Recent BCG activities in livestock systems have focussed on fodder. We are working on several project proposals looking at pasture and fodder options, and their management for production and quality to meet the needs of livestock and look after soils.
Oaten Hay Agronomy Trials
Harvest time for AgriFutures and BCG Member oaten hay agronomy trials at Curyo and Rupanyup, is now upon us.
Optimum hay cutting time is at growth stage Z71; the watery ripe stage reached just before milk development. Watery ripe provides the best compromise between hay yield and quality; cutting before this stage results in decreased stem thickness and better quality, but there are significant yield penalties. Cutting hay after the watery ripe stage may increase hay yield, but can result in poorer quality hay with lower water soluble carbohydrates, lower crude protein, higher fibre and poor colour.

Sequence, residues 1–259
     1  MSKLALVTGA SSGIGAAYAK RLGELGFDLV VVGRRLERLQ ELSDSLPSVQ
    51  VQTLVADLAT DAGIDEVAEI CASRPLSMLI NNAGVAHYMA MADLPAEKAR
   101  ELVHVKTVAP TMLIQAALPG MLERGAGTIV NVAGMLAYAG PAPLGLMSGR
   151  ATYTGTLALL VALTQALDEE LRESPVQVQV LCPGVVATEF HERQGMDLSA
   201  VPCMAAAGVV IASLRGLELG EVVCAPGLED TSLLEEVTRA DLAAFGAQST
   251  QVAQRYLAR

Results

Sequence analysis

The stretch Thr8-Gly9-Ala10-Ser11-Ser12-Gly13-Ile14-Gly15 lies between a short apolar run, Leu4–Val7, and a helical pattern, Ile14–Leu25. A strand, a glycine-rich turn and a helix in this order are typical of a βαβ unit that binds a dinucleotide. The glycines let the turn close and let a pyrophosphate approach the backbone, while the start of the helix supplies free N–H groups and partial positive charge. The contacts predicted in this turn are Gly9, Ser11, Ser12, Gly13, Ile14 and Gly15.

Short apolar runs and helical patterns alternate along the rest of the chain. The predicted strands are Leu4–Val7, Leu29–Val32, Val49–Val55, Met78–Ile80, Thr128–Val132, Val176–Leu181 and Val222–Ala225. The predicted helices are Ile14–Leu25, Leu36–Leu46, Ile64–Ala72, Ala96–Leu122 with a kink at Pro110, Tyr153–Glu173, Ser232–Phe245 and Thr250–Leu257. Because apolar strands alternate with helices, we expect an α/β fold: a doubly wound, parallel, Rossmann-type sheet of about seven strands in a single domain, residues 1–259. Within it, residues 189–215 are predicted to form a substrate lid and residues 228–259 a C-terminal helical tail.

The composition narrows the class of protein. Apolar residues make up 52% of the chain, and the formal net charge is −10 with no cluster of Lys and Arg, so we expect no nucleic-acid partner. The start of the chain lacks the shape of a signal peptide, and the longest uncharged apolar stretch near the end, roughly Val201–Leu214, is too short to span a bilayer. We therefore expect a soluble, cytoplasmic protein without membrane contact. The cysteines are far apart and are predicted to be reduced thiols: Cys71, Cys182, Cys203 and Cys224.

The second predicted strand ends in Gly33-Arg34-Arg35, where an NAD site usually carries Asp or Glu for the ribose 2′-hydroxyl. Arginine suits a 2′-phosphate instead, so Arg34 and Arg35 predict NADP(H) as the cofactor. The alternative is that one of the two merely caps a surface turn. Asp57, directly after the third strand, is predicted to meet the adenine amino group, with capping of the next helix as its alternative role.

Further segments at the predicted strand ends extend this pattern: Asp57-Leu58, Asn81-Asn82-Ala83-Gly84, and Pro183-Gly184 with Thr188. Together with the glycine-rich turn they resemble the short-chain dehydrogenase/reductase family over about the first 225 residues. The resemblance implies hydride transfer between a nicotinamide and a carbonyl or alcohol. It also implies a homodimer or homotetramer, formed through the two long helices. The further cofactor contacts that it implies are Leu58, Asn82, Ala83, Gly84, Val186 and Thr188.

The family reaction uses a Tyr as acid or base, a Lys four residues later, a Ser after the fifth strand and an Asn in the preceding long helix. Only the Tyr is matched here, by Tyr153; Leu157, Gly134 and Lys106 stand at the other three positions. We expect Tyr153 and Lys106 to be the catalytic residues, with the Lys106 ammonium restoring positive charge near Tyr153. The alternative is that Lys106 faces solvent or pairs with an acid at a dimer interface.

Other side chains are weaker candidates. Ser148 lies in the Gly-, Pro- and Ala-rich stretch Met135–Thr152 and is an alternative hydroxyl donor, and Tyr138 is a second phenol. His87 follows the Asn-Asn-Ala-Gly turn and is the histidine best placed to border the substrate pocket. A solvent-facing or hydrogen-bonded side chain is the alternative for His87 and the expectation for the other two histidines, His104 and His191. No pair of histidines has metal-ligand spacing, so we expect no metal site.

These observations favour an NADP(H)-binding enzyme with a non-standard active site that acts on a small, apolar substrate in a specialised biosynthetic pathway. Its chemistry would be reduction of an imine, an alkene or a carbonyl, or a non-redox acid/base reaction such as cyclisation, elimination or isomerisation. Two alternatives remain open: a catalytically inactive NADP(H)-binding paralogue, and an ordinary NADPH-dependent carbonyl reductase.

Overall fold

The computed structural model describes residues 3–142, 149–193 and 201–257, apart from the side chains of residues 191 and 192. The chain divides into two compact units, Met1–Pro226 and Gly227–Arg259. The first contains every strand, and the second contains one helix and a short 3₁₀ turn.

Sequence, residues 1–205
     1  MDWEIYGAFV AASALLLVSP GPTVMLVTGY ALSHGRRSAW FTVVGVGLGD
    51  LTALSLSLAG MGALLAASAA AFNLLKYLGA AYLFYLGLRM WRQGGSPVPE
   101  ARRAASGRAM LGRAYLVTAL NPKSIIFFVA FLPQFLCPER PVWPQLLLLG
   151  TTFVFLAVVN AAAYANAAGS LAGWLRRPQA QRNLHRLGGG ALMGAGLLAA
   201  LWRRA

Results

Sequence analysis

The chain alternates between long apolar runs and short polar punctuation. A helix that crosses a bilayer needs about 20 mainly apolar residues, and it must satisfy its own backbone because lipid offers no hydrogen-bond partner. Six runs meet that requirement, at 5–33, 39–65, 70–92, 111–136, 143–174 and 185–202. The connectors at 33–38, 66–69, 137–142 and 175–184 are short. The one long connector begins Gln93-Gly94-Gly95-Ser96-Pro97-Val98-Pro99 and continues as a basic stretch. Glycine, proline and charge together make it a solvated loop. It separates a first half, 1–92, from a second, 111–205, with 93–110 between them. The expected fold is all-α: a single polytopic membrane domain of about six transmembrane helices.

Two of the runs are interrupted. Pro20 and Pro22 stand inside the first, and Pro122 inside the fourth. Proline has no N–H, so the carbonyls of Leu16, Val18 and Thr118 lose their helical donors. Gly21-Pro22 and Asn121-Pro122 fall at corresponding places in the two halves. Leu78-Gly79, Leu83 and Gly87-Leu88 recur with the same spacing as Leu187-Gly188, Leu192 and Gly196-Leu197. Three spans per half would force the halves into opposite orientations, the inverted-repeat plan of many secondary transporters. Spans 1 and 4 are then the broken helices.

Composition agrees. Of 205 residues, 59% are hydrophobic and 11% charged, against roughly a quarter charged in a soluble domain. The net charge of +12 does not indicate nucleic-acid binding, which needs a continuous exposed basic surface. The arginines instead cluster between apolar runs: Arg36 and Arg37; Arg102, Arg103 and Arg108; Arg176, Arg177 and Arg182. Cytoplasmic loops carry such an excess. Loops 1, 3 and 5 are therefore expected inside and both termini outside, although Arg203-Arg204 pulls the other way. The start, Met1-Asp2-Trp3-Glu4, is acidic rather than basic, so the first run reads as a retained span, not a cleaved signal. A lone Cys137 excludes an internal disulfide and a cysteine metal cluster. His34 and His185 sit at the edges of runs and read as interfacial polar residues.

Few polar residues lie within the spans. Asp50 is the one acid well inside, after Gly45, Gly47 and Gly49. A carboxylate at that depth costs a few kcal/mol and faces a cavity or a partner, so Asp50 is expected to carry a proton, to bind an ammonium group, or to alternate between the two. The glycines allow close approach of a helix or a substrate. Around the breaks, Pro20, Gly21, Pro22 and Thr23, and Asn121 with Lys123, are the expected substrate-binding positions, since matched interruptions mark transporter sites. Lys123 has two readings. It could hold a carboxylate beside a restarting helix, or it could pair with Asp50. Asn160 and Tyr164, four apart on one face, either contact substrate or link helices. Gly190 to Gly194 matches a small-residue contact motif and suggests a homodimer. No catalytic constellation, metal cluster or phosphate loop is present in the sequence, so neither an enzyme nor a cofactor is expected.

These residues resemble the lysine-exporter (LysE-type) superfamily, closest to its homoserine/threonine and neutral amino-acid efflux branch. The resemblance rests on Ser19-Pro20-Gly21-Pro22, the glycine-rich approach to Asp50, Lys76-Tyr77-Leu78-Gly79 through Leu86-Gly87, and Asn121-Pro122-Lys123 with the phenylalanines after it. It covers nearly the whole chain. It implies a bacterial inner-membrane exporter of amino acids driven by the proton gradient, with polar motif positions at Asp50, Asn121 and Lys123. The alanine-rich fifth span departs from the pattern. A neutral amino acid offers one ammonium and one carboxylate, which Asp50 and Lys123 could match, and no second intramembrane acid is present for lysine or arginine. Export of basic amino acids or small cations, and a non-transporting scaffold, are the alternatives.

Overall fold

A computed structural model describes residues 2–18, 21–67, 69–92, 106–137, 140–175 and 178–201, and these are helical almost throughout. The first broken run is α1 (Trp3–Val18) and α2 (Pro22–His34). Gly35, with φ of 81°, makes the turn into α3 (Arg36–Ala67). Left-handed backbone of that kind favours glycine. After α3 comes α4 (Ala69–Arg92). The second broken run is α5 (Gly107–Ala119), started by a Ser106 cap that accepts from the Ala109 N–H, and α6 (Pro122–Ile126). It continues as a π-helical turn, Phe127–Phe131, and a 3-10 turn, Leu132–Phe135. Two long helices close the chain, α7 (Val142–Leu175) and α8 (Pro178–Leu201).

When the grain is squeezed, a watery green/white liquid will come out (left). When the grain is squeezed and a milky white liquid comes out (right), hay quality is already being compromised (Photo source). Squeeze the top floret at several locations across the paddock – if more than half are at Z71 then it is ready to cut. If more than 10mm of rain is forecast, there is a 5-7 day window you can delay cutting to enable the crop to dry and allow better curing conditions.
At Curyo: all oaten hay varieties sown on 5th May, and Durack sown on 28th May have reached the watery ripe, growth stage Z71 and have been cut for yield and quality assessments. Some warmer weather this week will advance maturity of the remaining later sown varieties.
Curyo 7th September: effect of PGR (foreground) on Durack, reducing height and delaying maturity.
At Rupanyup: no treatments have been cut for hay yet, but early sown, 6th May, varieties with higher nitrogen rates between 90-150kg N/ha are on the verge compared with varieties sown on 29th May or with 10-60kg N/ha.